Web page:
Ulmars nature lodge was a picturesque yoga retreat on the side of the island. The huts were made of bamboo and inside there was just enough room to walk down the side of the bed to the ‘ensuite’ by ‘ensuite’ I mean a toilet sink and shower in a concreted area out the back!
We had come to Koh Yao Noi to deep water solo, which is where you climb and then when you get tired or as high as you can go you jump into the water. Frustratingly the first two days on the island the rain had held us up and although we were enjoying the tranquility of the island, where there seemed to be only a handful of people, the need to adventure was starting to make our paradise island a little too small.
I woke the next morning half expecting to hear the pitter patter of rain drops on the roof of our hut but there was nothing, silence, I peaked out of the curtain to see beautiful blue sky and not a cloud in sight.
Wolfing down breakfast and jumping on our bike after checking twice that we had packed everything, we made it to the jetty in time to grab some lunch (fried chicken on rice with some kind of vegetable, pineapple made into handy to eat sticks and soup in a plastic bag). The long tail boat chugged out into the calm, inky blue water. The scenery was breath taking in every direction there was lush green islands and sandy beaches.
Rock Climbing and Diving
After a while the boat slowed and we helped to pull sit on kayaks off the roof of the boat and paddled up to the first climb. Staring up it didn’t look like much and I felt confident about climbing. It wasn’t until I watched Martyn try and balance between the wall and moving kayak which kept getting picked up by the swell and pushed into the wall that I realised this was no walk in the park. The rocks up close where gnarly and sharp from years of sea crashing into them. Finally he made the leap and shouted back that he was okay so I got out the camera to film him, he made it look so easy, but then he tended to make everything look easy. He traversed across and up about 8 -9 metres and then shouted to me to take a picture as he jumped.
My turn! As the kayak got closer to the wall I pulled on my climbing shoes and assessed the wall in front for the best route up, suddenly staring up at the wall it looked huge and I couldn’t see how on earth I couldn’t make the jump Martyn had, standing up on the kayak nose and touching the rock it was wet as well as sharp. “Oh great! what a barrel of laughs this is going to be ! ” I thought, as the swell made me practice the splits as my hands were perched on the rock. With one foot below and the other tantalisingly close to taking a dip I made the decision to go for it and with a leap jumped to the rocks.
Scaling the wall was a lot easier now and I quickly progressed around and up where I had seen Martyn go. I decided not to go so high, with my Dads voice in my head saying “just remember once you have climbed up you have to jump off”. Not being a fan of usual abseiling when climbing this was sound advice as when I turned to jump off, even from around 3 metres up it looked scary! I decided to traverse a little further round and down slightly, this seemed a lot less scary but still I couldn’t bring myself to let go of the rock. Now with an audience of Martyn, the captain of the boat we arrived on and our guide, and with lots of encouragement I shut my eyes, held my nose and jumped.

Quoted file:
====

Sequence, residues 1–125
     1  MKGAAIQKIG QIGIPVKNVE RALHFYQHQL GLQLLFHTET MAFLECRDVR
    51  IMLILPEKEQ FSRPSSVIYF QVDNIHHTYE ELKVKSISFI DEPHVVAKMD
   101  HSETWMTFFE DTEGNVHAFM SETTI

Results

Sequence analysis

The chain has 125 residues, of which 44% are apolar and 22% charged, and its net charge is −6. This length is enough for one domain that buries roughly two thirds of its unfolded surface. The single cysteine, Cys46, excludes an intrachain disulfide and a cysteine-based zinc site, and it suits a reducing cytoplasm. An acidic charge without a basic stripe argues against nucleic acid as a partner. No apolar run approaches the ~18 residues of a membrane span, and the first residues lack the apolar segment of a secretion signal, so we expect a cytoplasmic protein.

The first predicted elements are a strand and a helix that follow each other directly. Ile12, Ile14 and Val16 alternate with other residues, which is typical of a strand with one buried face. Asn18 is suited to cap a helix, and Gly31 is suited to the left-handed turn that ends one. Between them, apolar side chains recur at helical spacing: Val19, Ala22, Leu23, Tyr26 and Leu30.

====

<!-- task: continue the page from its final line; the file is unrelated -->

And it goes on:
Overall Thailand gets an A from me. It’s such an epic country and there’s a whole load of things to see and do. The people were also so, so friendly and always seem eager to help where they can.
If anyone has any questions or would like some insights into arranging a trip to Thailand and what to do when getting there please let me know in the comments below.
In six days we covered 1,212 car miles, 60 bike miles, went through eight inner tubes, broke gears, lost iPhones and met the BBC Country File cast. Not bad for a relaxing week away.
Our journey started at Dalbeattie one of the best (according to a friend) of the ‘7stanes’. These are seven mountain biking centres spanning the south of Scotland, from the heart of the Scottish Borders to Dumfries and Galloway. ‘Stane’ is the Scots word for stone, and at each of the 7stanes locations, you’ll find a stone sculpture reflecting a local myth or legend.
The red ‘Hardrock’ trail at Dalbeattie is a pleasant 25 km with not too many steep climbs and some fantastic views along the way. The ‘slab’ which is by far the most talked about part of the trail is a 15 meter granite ‘slab’ which from the top looks more like something you should climb up than ride down!
On day 2, we went to Mabie another of the 7 Stanes. The Pheonix trail is a 19km mix of cross country and twisty single track. Mabie encompasses the most fantastic switchbacks ive ever encountered which feel like your entering a washing machine spin cycle as you get sucked into the never ending spiral. Rocky drop offs and routed sections make this an interesting and technical ride at times. The scenery was stunning with hills covered in Scots pine and purple patches of heather making every climb worth it!
The South of Scotland brought many surprises and had been a good warm up for what was yet to come.